Working Americans are not Earning Enough...
...to Keep Up With the Rising Cost of Living
The average hourly wage in America has gone up about 45 percent since January 1, 2000, a pace much slower than the over 84 percent increase in the cost of basic essential needs.
Each month, the U.S. government tells its citizens how much prices have risen or fallen during the previous month and for the past twelve months. The Consumer Price Index (CPI) that they use contains data collected from spending surveys given by the U.S. Bureau of Labor Statistics. The basket of goods contains prices of necessities and discretionary spending items. It is not a cost-of-living index, but a consumer spending index.
As we have been saying for some time, a key problem with using the CPI to track the rising cost of living is that the basket of goods is represented is periodically altered. The BLS adjusts the weighting of the components, and also smooths the data based on seasonal patterns. Such tinkering usually results in an understatement of the inflation rate. In our opinion, it creates an unreliable, misleading cost-of-living index.
For our newer readers, we have created a simpler index for tracking the price changes of basic, essential needs that tend to flow through the economy and touch everybody's wallets. The Guild Basic Needs Index™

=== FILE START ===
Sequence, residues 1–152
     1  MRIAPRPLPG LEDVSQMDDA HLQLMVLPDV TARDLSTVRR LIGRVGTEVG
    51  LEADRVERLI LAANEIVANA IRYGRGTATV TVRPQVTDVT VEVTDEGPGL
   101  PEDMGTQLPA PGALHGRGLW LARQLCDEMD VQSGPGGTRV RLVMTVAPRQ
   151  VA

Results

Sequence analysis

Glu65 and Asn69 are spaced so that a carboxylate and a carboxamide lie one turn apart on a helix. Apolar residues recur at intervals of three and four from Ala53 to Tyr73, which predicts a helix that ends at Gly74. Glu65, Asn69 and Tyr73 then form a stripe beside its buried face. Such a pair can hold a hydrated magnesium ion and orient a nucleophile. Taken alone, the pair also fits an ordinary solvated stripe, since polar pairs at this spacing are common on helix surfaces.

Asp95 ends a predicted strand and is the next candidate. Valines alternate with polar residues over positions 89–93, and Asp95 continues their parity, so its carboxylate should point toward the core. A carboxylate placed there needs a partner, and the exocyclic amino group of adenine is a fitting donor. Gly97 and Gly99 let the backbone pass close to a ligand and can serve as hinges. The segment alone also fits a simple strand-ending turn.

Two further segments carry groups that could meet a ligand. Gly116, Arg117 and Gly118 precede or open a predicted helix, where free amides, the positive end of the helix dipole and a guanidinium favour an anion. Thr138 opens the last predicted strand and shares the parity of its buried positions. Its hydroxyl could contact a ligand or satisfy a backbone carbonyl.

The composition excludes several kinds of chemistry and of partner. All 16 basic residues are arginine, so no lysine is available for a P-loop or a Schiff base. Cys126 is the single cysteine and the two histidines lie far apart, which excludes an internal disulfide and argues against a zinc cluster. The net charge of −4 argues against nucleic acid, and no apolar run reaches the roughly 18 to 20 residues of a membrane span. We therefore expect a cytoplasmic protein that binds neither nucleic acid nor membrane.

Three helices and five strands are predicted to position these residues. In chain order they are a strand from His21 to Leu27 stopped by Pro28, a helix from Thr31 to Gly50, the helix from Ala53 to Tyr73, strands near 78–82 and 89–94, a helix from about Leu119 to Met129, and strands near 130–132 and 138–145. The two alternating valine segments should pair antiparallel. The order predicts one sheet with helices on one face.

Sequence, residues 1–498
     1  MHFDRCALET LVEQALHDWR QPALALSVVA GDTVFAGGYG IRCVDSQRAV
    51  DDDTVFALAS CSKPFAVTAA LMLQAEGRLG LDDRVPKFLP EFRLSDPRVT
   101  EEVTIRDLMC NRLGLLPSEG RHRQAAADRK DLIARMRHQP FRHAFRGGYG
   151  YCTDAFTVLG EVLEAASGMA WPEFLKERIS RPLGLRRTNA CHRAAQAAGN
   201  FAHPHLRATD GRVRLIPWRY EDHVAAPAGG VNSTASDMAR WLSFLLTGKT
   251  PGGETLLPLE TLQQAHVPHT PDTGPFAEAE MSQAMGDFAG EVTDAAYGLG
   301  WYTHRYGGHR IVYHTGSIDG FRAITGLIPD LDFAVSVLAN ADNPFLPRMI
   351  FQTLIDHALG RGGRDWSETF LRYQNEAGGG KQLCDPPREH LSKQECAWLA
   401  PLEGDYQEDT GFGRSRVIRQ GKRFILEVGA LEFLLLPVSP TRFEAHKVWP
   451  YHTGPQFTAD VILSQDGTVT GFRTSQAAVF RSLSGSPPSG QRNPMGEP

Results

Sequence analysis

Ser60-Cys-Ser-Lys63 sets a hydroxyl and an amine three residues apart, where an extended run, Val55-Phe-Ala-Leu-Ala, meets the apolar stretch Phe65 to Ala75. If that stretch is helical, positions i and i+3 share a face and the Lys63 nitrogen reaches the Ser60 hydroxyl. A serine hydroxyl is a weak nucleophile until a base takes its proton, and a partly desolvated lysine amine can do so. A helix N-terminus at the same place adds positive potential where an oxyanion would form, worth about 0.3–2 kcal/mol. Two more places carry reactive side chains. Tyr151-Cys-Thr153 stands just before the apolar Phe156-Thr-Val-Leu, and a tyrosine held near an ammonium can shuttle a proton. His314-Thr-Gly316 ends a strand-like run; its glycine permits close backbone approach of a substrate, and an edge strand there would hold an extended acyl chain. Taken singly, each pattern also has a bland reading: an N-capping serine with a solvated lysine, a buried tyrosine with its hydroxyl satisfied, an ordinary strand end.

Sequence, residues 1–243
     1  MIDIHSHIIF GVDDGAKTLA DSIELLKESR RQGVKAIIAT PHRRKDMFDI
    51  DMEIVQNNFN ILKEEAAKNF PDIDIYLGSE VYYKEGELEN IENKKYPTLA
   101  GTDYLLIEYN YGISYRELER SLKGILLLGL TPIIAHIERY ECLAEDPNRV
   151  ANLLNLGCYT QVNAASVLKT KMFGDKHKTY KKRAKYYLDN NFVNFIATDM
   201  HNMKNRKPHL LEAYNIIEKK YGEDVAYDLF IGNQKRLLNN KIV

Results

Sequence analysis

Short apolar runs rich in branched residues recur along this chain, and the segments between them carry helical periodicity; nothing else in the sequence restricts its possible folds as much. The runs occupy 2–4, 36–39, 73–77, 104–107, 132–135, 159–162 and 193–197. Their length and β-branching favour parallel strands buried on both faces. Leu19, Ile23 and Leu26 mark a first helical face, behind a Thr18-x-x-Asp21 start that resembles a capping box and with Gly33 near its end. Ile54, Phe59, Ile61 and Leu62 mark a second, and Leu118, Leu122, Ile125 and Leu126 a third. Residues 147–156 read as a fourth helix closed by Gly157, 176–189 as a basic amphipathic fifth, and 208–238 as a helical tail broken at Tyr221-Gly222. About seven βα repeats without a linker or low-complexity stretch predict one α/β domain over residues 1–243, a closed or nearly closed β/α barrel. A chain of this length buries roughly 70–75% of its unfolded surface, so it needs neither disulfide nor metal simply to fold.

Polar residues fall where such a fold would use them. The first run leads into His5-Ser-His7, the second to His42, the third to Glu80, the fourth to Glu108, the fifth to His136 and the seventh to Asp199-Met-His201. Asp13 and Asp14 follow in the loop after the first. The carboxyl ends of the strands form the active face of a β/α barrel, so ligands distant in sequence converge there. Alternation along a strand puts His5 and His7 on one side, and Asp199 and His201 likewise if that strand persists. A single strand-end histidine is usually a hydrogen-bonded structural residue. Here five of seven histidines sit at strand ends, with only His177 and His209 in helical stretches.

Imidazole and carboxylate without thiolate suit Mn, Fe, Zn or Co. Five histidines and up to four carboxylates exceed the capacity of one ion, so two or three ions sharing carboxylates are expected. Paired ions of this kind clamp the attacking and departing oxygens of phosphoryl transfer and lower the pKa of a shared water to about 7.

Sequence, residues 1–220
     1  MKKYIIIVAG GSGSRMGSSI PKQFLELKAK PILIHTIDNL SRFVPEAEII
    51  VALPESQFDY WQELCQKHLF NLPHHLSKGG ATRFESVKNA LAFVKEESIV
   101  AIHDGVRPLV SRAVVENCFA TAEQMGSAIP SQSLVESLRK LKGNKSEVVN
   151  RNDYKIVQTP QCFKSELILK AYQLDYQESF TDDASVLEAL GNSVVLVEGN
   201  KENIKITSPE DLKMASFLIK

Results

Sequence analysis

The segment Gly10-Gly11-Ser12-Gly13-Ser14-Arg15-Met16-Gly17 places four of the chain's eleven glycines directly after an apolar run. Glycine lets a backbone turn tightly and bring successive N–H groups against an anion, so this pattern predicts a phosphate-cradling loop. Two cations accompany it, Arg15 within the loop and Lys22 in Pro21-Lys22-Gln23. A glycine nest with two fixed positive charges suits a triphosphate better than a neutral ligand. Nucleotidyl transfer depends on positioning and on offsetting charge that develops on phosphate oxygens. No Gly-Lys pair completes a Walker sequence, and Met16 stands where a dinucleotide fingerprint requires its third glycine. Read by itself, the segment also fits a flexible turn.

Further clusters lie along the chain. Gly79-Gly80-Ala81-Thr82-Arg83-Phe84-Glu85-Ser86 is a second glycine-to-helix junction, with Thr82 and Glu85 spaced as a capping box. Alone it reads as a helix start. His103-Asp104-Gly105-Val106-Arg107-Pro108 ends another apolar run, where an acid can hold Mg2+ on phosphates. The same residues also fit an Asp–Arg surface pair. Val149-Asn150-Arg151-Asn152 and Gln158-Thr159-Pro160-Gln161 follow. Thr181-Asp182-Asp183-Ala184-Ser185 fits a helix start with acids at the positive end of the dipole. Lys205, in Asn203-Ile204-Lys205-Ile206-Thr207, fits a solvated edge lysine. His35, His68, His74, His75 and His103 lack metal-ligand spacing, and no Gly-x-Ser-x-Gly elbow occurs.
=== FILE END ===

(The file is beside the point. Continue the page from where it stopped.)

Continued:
(GBNI) measures the changing prices of components in four essential living expenditures: food, clothing, shelter, and energy (used for cooking, heating, and transportation). The categories and components, and their values within the GBNI, are fixed. There is no seasonal adjusting, smoothing, or replacing of components.
The data will be published twice a month in this letter, and we offer the accompanying charts that compare the GBNI to the CPI data. As you can see, the prices of basic, essential needs are much higher (and more volatile) than the smoothed, manipulated CPI data since 2000.
The bottom line is that Americans' standard of living is caught in a vice between rising prices and stagnant wages. It is incumbent on savers and investors to protect themselves from the squeeze play.
Prices of basic needs are up over 84% since January 2000; neither CPI nor wages have kept pace.
Track the price of basic needs info
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